Ancient Egypt / Religion /
Available information on the temple indicate that it was begun 1278 BCE, and completed about 1258.
The temple is 205 metre long, its first pylon 60 metre wide. The full size of the temple enclosure is 270 x 185 metre.
Its design is noted for a peculiar slant in angles. Following an east-west axis, the most sacred section slants about 5 metres south compared to the pylon. This appears to have been for some reason, the surrounding structure of magazines is correctly aligned with the pylon. Still, the temple itself follow the standard pattern of New Kingdom temples, in which two open-air court opens into a hypostyle hall before the inner, most-sacred sections of several rooms.
The identity of the architects are known to us, Penre of Coptos and Amenemone of Abydos.
Similar to Medinet Habu, there is a palace to the left of the pylon. Also, a small temple of Seti 1 is built right next to the main temple. Around the sacred structures graineries and storerooms occupied much space. Many of these are in uncommonly good condition, despite having been built from mud-brick. There was even a scribal training school here.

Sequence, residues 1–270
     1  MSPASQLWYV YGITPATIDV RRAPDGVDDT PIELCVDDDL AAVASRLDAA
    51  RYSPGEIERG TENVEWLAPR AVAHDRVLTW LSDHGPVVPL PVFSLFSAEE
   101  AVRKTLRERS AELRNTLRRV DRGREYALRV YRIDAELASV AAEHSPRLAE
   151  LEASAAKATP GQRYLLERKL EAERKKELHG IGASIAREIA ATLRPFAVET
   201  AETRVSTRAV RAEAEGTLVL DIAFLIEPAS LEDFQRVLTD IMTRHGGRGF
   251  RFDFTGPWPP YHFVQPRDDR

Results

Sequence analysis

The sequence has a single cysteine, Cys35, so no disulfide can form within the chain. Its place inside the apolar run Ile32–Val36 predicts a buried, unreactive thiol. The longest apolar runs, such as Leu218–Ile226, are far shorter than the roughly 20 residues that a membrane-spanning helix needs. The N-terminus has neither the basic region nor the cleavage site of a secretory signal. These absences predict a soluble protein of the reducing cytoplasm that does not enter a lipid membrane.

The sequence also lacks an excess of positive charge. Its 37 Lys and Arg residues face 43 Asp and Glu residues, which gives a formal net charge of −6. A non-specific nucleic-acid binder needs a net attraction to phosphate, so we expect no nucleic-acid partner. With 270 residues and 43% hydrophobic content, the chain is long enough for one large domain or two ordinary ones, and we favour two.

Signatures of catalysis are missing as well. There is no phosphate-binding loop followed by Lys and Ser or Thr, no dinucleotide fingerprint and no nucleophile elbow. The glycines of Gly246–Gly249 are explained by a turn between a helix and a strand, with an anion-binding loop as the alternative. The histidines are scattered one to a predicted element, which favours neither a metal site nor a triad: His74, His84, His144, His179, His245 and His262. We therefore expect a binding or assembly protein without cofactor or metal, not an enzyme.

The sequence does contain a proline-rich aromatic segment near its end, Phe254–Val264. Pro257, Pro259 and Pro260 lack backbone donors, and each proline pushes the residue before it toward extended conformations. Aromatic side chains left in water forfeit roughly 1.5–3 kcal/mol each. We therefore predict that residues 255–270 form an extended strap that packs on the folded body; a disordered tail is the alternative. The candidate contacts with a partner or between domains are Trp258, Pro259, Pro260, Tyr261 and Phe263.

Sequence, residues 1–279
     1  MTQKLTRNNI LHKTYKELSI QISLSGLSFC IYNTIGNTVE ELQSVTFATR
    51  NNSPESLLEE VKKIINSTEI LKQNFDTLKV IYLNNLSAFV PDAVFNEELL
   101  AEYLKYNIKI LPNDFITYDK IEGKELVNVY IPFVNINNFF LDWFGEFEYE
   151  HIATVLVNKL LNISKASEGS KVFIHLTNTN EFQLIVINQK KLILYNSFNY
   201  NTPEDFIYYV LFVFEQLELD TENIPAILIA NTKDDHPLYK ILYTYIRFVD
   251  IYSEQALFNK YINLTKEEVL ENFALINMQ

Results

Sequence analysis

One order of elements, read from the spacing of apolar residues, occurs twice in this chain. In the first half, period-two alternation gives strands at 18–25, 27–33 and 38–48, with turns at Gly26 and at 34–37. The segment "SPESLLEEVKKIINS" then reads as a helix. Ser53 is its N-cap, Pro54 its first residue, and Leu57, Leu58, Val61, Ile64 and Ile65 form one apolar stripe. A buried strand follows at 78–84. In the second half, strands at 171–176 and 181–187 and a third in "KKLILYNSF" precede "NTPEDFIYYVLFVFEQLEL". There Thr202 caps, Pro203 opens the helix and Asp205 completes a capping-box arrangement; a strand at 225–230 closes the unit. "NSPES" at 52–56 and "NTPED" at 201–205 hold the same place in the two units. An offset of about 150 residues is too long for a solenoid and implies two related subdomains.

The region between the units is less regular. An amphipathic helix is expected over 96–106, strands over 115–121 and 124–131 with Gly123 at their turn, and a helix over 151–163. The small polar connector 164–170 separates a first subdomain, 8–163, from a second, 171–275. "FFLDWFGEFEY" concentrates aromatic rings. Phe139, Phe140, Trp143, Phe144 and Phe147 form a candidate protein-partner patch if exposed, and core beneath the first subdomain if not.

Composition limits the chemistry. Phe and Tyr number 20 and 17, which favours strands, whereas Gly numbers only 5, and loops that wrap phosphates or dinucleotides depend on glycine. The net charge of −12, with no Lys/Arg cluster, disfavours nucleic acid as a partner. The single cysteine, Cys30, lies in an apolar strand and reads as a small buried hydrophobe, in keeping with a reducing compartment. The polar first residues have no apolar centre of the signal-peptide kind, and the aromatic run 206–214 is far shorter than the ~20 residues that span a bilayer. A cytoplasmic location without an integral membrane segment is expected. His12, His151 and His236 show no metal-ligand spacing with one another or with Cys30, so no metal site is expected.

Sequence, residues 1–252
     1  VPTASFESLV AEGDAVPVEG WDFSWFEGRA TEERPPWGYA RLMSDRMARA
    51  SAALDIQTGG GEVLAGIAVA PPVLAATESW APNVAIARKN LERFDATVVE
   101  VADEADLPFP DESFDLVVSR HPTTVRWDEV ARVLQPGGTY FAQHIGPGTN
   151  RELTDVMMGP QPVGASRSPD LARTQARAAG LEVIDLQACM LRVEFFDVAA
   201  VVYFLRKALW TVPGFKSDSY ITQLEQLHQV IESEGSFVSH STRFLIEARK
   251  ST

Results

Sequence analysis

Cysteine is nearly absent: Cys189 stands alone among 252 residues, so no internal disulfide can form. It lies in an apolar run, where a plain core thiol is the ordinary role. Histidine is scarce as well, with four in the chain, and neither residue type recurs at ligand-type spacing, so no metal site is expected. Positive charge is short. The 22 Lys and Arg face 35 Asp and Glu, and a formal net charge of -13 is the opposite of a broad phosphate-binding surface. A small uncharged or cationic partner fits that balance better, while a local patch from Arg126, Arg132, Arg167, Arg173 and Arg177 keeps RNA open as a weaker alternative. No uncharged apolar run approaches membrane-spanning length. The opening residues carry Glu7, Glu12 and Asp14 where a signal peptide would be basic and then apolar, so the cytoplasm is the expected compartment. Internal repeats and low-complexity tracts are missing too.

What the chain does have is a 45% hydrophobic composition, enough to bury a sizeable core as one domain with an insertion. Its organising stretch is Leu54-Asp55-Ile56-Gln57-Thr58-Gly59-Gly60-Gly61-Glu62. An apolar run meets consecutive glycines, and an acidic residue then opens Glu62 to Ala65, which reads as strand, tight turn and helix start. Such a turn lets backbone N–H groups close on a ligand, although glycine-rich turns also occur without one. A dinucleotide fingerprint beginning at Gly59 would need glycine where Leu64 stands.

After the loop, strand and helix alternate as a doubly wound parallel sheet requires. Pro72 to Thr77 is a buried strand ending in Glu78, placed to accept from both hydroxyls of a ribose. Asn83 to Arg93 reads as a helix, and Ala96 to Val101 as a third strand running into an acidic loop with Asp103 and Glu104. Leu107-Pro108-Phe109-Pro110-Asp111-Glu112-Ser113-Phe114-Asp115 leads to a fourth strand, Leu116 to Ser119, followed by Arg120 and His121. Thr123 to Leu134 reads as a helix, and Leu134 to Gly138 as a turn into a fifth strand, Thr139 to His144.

Beneath the floor of the temple a shaft tomb from about 1700 BCE has been excavated.
Much of the temple walls are battered. The principal explanation for this is the temple being part of the area annually being flooded by the Nile.
The Ramesseum is famous for its seated 18 metre granite colossis of Ramses 2. The head of one of them was in 1815 removed from the site by Giovanni Belzoni, and is today in the British Museum. The other lies on the ground, allowing visitors a dramatic experience of the actual size of such statues.
Interestingly, there is a block on top of the 1st Pylon in which the pillaging of a town named Shalem in 1271 BCE is recorded; this may possibly have been Jerusalem.
On temple walls, depictions of the Battle of Kadesh, wars in Syria and the Festival of Min are found.
Similar to many other Egyptian temples, parts of the Ramesseum was turned into a Coptic church.
Originally, the Ramesseum was identified as Tomb of Ozymandias by the Greek historian Diodorus, a name derived from Ramses' throne name.
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